Shoes, marvellous shoes… Affordable diamonds that adorn our feet!
Gone are the days when a crystal shoe was the most wanted item in a girl’s wardrobe. The delicate Cinderella crystal shoe is no more! Now we gaze upon ‘pieces of art’ with an extensive palette of colours and materials that may include crystals, feathers or even red soles. Names such: Christian Louboutin, Manolo Blahnik and Jimmy Choo have become the Ferraris, Aston Martins’ and Maserati’s of shoes for most of the girls. Owning a pair of these designer masterpieces is somewhat associated with beauty and success. Practicality, comfort and functionality become secondary variables and the impractical high heeled nosebleed is now endured by women in name of fashion and beauty.
When did shoes become the pixie dust that makes a girl fly?!
It makes me wonder if the modern debilitating painful design of some designer shoes is nothing more than a socially acceptable version of the brutality of foot-binding in the East, Venetian platform heels or even pointe shoes in classical ballet! Should us girls, endure the back aches, macerated raw feet, leg fractures, sprained ankles and not so sexy bunions? Why do strong, independent women put up with uncomfortable, accident prone shoes?
Cinderella, Dorothy, Tinkerbell and Puss in Boots; that’s why!
The ‘cult’ of shoes is engraved in our hearts and minds from a tender age, the object of happiness, dream realization and happy endings in many fables. We were given crystal shoes, ruby shoes, pompom flats and high boots. And all looked fabulous!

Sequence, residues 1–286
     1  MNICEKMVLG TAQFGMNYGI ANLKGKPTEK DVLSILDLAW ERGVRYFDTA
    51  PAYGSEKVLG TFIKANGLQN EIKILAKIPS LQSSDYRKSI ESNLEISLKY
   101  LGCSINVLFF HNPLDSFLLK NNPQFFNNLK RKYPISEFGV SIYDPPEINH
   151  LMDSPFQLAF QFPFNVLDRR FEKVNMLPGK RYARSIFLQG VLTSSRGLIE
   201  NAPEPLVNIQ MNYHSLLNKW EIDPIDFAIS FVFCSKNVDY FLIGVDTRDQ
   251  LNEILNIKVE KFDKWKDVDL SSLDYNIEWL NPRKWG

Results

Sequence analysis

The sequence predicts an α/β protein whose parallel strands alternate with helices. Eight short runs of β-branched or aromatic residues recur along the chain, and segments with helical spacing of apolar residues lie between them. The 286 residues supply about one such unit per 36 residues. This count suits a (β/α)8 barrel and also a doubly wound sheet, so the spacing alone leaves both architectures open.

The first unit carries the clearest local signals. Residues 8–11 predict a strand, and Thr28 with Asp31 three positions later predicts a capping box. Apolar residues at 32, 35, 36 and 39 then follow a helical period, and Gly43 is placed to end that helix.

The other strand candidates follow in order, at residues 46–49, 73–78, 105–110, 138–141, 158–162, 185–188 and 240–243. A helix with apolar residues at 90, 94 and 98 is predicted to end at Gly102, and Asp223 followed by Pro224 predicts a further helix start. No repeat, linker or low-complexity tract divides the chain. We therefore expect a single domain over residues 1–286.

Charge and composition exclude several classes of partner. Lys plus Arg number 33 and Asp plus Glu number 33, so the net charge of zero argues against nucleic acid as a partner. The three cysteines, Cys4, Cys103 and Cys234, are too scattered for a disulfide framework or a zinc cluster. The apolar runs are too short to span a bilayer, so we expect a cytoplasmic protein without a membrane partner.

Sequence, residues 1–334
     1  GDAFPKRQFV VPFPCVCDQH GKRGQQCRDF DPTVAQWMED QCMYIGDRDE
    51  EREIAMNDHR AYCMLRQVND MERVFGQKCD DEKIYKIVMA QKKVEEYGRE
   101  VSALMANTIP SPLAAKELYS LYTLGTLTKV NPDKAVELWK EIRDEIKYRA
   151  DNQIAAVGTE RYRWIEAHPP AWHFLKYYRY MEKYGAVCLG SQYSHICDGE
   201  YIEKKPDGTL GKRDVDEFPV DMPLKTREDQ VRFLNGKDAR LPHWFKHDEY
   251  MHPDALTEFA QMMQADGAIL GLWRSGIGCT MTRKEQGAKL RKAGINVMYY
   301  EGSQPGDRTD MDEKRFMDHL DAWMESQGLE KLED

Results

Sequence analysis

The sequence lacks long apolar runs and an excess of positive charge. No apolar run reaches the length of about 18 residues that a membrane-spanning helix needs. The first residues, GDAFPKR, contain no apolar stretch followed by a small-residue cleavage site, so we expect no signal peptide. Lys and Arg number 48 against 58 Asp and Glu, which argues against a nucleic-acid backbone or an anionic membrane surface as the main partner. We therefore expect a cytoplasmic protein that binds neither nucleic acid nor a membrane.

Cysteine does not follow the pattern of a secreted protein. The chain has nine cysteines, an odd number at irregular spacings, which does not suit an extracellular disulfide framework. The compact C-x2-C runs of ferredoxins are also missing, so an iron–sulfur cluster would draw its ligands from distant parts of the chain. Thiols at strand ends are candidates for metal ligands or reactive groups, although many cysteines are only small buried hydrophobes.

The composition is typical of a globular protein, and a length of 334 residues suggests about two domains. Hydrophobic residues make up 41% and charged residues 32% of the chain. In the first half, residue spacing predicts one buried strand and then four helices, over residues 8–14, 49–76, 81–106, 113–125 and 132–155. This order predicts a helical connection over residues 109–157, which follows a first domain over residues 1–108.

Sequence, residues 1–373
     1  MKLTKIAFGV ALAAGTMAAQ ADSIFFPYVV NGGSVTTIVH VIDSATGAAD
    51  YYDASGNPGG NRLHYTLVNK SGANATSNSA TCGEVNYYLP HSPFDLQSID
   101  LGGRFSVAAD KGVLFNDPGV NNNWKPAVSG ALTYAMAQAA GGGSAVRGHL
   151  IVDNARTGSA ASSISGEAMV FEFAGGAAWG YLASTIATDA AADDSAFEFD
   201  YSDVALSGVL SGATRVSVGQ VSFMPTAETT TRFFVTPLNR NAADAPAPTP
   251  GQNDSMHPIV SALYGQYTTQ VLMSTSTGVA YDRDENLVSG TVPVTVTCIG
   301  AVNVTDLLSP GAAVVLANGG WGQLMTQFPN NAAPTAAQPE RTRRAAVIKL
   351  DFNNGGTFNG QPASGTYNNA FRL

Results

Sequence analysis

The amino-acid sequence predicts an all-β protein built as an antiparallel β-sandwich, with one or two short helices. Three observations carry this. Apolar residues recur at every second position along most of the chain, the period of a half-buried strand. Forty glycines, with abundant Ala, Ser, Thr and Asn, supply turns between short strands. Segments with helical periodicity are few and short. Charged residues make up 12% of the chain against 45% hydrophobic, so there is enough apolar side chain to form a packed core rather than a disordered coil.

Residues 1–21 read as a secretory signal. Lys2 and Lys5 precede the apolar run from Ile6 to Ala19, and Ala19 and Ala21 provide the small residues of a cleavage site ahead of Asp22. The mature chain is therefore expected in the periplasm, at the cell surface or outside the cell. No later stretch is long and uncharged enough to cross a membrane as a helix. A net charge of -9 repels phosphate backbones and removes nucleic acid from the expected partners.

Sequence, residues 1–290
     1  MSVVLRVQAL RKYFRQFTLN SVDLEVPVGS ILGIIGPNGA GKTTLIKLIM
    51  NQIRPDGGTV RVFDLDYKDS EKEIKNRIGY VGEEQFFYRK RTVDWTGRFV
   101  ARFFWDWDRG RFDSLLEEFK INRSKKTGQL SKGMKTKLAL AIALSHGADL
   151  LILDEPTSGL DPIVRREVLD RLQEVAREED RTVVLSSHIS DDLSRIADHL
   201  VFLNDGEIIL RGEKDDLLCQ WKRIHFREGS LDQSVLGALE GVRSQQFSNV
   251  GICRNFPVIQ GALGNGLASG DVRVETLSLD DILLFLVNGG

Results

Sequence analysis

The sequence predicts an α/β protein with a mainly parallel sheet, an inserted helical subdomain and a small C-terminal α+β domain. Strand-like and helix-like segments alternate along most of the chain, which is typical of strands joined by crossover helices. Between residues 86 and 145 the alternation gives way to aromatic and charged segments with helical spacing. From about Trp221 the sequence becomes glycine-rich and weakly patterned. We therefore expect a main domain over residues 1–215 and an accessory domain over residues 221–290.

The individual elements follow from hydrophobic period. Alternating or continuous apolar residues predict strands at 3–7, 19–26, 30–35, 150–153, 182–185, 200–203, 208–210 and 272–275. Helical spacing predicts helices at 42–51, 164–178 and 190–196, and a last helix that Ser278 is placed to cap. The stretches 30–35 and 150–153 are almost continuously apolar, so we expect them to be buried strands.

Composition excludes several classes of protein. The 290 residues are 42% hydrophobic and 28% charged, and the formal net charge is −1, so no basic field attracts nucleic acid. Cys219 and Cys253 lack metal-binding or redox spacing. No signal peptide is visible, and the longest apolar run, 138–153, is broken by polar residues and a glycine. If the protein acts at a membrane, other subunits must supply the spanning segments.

To this date a special shoe makes a statement, tells a story and feeds our imagination. While flat shoes may look cute, innocent and grounded, high-heeled shoes, changes the body gravity centre and ‘lengthens’ the leg, making women straighten their backs, walk taller and feel slender. It busts the confidence, changes the mood, and heightens self-confidence or even empowerment. On the other hand, designer shoes, with their exclusiveness, hefty price tags and celebrity links are the assertion of one’s identity as a strong, successful and independent woman.
Shoes express character and style, transform old attires into complete new ones and tolerate bold choices. The strong colours, glitter, animal print or studs that we may not embrace in our clothing can look stunning in our feet. And as in the fables, it can make us feel special and happy, even if that happiness is short lived and followed by a nice pair of flats!
- When in London visit the Victoria & Albert museum exhibition “Shoes: Pleasure and Pain”